declare vNums TY_Numbers := TY_Numbers(1, 2, 3, 4, null, 5); procedure OP(pStr varchar2, pFlag boolean) is begin DBMS_OUTPUT.PUT_LINE ( pStr || ' => ' || case when pFlag then 'True' when not pFlag then 'False' else 'null' end ); end; begin OP('null member of vNums', null member of vNums); end; / /* null member of vNums => null */

Null is not a member of a collection containing null?!!! Well funnily enough, Oracle do qualify this fact in their * member of* documentation..

A member_condition is a membership condition that tests whether an element is a member of a nested table. The return value is TRUE if expr is equal to a member of the specified nested table or varray.The return value is NULL if expr is null or if the nested table is empty.

OK, so how do we find if null is a member of a collection – in other words, does the collection contain a null? Well we could iterate the collection, but that seems inefficient given the tests above, as does using the table operator. Let’s alter the previous code for our other test cases and see which of these gives the expected result.

declare vNums TY_Numbers := TY_Numbers(1, 2, 3, 4, null, 5); procedure OP(pStr varchar2, pFlag boolean) is begin DBMS_OUTPUT.PUT_LINE ( pStr || ' => ' || case when pFlag then 'True' when not pFlag then 'False' else 'null' end ||' '|| case when pFlag then '(CORRECT)' else '(INCORRECT)' end); end; begin OP('member of', null member of vNums); OP('multiset intersect', TY_Numbers(null) multiset intersect vNums = TY_Numbers(null)); OP('cardinality multiset intersect', cardinality(TY_Numbers(null) multiset intersect vNums) = 1); OP('cardinality multiset except', cardinality(TY_Numbers(null) multiset except vNums) = 0); OP('submultiset', TY_Numbers(null) submultiset of vNums); end; / /* member of => null (INCORRECT) multiset intersect => null (INCORRECT) cardinality multiset intersect => True (CORRECT) cardinality multiset except => True (CORRECT) submultiset => null (INCORRECT) */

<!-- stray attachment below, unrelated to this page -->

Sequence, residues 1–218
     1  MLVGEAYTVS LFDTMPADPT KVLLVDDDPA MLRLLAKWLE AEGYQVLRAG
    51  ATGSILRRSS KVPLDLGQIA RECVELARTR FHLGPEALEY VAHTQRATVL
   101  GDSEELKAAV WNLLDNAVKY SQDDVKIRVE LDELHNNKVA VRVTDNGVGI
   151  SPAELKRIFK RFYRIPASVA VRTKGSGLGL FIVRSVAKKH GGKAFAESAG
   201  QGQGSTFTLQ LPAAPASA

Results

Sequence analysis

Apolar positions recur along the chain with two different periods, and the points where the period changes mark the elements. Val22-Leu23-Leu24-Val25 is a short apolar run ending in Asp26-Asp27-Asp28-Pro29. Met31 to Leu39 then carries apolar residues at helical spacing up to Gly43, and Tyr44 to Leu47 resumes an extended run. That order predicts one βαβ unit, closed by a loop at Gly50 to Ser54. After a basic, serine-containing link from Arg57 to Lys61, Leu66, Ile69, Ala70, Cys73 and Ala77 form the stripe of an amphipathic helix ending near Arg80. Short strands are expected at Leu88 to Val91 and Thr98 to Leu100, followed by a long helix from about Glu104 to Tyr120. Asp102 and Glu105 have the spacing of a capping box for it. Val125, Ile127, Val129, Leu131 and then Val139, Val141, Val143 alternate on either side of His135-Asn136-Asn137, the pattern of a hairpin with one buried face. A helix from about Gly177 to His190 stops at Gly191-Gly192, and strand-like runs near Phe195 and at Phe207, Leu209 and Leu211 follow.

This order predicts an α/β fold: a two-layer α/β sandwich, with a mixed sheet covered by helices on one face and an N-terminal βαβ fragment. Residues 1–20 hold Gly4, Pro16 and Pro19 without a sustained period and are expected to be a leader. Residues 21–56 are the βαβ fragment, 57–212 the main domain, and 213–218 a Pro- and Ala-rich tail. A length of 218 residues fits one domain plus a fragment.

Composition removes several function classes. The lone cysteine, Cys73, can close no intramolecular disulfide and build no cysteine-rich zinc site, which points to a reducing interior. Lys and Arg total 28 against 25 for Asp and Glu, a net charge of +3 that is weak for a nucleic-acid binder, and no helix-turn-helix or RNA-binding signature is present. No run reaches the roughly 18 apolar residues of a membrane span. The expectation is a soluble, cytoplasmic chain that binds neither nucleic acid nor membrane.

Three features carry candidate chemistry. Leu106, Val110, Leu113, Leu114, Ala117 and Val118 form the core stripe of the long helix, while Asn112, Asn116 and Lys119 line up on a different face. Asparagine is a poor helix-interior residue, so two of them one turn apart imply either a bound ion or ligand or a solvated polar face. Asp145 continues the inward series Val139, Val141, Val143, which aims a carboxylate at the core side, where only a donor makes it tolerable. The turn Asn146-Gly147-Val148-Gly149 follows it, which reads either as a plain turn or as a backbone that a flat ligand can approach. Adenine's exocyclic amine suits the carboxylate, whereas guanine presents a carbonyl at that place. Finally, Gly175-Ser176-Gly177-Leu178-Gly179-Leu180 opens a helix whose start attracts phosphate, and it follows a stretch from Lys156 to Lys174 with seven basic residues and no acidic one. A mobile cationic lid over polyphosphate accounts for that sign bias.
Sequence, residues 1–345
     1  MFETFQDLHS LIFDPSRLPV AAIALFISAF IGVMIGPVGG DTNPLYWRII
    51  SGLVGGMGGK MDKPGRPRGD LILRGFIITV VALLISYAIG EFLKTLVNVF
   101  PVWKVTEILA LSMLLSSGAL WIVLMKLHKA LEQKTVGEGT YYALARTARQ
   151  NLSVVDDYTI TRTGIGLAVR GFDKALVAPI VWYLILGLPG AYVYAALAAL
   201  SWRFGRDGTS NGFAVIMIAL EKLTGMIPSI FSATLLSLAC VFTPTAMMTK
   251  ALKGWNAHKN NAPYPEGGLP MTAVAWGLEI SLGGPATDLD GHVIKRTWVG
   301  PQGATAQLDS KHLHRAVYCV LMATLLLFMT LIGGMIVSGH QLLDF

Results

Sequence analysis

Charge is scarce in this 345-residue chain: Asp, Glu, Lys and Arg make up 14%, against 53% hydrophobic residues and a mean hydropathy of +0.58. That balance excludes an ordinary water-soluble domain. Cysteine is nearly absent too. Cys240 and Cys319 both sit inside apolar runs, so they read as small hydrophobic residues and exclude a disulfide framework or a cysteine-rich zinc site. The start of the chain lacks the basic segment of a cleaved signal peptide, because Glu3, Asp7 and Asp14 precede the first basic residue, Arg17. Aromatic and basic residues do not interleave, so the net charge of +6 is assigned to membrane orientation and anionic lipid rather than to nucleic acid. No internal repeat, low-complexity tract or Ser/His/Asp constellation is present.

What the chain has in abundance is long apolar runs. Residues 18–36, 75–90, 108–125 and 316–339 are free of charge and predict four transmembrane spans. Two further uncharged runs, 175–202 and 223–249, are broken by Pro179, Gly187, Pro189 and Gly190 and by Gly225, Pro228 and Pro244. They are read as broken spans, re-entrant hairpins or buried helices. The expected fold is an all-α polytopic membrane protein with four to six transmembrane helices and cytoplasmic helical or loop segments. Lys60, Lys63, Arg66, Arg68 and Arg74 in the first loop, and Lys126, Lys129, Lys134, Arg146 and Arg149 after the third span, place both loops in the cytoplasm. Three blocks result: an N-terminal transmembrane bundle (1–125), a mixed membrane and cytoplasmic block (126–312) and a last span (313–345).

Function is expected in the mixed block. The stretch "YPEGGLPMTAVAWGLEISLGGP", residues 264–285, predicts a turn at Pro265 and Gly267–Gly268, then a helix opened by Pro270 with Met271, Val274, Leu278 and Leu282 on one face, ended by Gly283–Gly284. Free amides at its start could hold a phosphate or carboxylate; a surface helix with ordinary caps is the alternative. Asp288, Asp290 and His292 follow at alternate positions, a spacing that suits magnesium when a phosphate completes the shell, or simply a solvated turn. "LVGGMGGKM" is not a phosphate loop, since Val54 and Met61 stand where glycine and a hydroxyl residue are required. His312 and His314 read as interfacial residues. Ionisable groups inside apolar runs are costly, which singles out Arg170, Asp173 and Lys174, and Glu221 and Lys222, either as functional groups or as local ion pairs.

So it is only the cardinality multiset approaches that work. Just for the record, cardinality is a multiset operator that provides a safe way of counting items in a collection, as it returns 0 on uninitialised / empty collections.

cardinality(TY_Numbers(null) multiset intersect vNums) = 1)

Is just saying, compares two collections, returning a collection containing the elements that are in both and count those elements.

cardinality(TY_Numbers(null) multiset except vNums) = 0)

Is just saying, compares two collections, returning a collection containing the distinct elements in the left that are not in the right, and count those elements.

Incidentally, the latter is the faster of the two, which makes sense as in this case the left hand side only has one member to find to make an empty set, after which I suspect Oracle short circuits the result.

Anyway, if you need to find if a null exists in a collection, your best bet for performance is probably…

cardinality(<collection1>(null) multiset except <collection2>) = 0)